31 December 1931
Belfast, Northern Ireland
|Died||11 February 1996 (aged 64)|
|Occupation||Novelist, structural engineer, aircraft designer, journalist|
Robert "Bob" Shaw (31 December 1931 – 11 February 1996) was a science fiction writer and fan from Northern Ireland, noted for his originality and wit. He won the Hugo Award for Best Fan Writer in 1979 and 1980. His short story "Light of Other Days" was a Hugo Award nominee in 1967, as was his novel The Ragged Astronauts in 1987.
Shaw was born and raised in Belfast, the eldest of three sons of a policeman. He learned of science fiction at about 11 years old when he read an A. E. van Vogt short story in an early edition of Astounding Science-Fiction magazine. During the Second World War American troops passed through Northern Ireland and often left their used SF magazines behind at Smithfield Market, where they were available for locals. He later described the experience as being more significant and long-lasting than taking LSD. He attended Belfast College of Technology. In 1950 he joined the group Irish Fandom, which also included another Northern Irish science fiction writer James White, and met at the house of Walt Willis on Upper Newtownards Road, Belfast. The group was influential in the early history of science fiction fandom and produced fanzines Hyphen and Slant, to both of which Shaw contributed material. Shaw acquired the nickname "BoSh" during this period. His first professional science fiction short story was published in 1954, followed by several others.
He gave up writing and went with his first wife Sadie (née Sarah Gourley) and their son and two daughters to live in Canada from 1956 to 1958. His novel Vertigo is set in Alberta, and Orbitsville's limitless grasslands may have been influenced by this period in his life. Originally trained as a structural engineer, he worked as an aircraft designer for Short and Harland, then as science correspondent to The Belfast Telegraph from 1966 to 1969, and as publicity officer for Vickers Shipbuilding (1973–1975), before starting to write full-time. In April 1973, during the Troubles, Shaw and his family moved from Northern Ireland to England, where he produced the majority of his work: first to Ulverston, then to Grappenhall in Warrington. Sadie died suddenly in 1991 and Shaw lived alone there for some years.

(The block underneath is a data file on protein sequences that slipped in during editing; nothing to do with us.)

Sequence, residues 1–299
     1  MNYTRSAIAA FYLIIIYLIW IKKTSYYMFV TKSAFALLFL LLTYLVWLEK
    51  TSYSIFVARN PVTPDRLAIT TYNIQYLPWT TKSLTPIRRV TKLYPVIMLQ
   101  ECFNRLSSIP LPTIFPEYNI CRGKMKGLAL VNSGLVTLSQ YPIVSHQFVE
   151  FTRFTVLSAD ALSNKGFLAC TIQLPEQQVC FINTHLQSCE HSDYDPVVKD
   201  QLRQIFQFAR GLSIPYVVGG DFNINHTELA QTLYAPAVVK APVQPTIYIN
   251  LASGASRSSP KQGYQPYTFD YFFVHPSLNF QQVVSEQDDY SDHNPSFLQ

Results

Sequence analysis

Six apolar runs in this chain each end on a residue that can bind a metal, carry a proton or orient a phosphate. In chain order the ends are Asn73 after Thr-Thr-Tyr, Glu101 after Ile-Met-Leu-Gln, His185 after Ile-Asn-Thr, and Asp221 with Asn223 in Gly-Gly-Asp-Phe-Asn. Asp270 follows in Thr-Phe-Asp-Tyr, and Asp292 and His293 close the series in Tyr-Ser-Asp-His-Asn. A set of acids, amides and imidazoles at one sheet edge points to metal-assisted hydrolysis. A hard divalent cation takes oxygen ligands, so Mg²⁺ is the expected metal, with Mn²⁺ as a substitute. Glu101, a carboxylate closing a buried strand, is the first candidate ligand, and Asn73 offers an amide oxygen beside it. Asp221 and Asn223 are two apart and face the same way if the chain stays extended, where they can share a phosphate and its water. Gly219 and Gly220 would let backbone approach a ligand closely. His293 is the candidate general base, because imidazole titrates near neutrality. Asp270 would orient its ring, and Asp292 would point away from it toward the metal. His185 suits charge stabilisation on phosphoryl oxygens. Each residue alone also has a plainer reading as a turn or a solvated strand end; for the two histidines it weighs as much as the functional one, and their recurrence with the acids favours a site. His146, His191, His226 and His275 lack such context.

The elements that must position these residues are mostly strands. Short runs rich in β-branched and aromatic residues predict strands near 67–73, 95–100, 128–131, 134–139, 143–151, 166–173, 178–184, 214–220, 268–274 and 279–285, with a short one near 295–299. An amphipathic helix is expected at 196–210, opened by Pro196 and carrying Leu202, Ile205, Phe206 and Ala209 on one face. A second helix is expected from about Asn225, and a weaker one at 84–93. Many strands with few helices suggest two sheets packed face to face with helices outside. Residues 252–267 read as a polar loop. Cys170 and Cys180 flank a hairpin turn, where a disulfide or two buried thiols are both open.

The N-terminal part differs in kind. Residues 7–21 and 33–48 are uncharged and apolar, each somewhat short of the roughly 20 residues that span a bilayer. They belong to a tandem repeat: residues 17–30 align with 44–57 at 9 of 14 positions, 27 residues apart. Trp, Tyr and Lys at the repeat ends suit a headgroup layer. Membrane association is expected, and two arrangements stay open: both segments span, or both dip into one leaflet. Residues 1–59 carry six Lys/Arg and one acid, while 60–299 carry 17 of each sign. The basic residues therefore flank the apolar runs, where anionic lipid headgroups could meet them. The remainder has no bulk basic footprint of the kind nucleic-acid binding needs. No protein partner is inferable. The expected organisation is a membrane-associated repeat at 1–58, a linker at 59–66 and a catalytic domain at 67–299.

Shaw had nearly lost his sight through illness, and suffered migraine-induced visual disturbances throughout his life. These, and references to eyes and vision, appear as a theme in some of his works. He was known as a drinker, and at one stage considered himself an alcoholic. He was quoted in 1991 as saying: "I write science fiction for people who don't read a great deal of science fiction." He married American Nancy Tucker in 1995 and went to the US to live with her, then returned to England in the last months of his life. Shaw died of cancer on 11 February 1996.
Shaw is the author of "Light of Other Days" (August 1966), the story that introduced the concept of slow glass, through which the past can be seen. Shaw sold this story to Analog editor John W. Campbell, who liked it so much Shaw wrote a sequel for him, "Burden of Proof", in May 1967. The original story was written in four hours, but after years of planning. Shaw expanded on the concept in the novel Other Days, Other Eyes, and the concept was adopted by the Marvel Comics/Curtis Magazines anthology magazine Unknown Worlds of Science Fiction.
His work ranged from essentially mimetic stories with fantastic elements far in the background (Ground Zero Man) to van Vogtian extravaganzas (The Palace of Eternity). Orbitsville and its two sequels deal with the discovery of a habitable shell completely surrounding a star, and the consequences for humanity. It won him the 1976 British SF Association Award. Later in his career he wrote the Land and Overland trilogy (The Ragged Astronauts, The Wooden Spaceships and The Fugitive Worlds), set on a system of worlds where technology has evolved with no metals. Like Philip K. Dick he continually focused on the nature of perception in his work.
Shaw was known in the fan community for his wit. Following his early membership of Irish Fandom, with Walt Willis, and James White, he always remained a keen reader of and contributor to fanzines. Later, and for many years, at the British science fiction convention Eastercon, he would deliver a humorous speech (often part of his famous series known by the tongue-in-cheek label of "Serious Scientific Talks"); these were eventually collected in The Eastercon Speeches (1979) and A Load of Old Bosh (1995), which included a similar talk from the 1979 Worldcon in Brighton, 37th World Science Fiction Convention. For these, he won the 1979 and 1980 Hugo Award for Best Fan Writer. He wrote The Enchanted Duplicator with Walt Willis in 1954, a piece of fiction about science fiction fandom modelled on John Bunyan's The Pilgrim's Progress.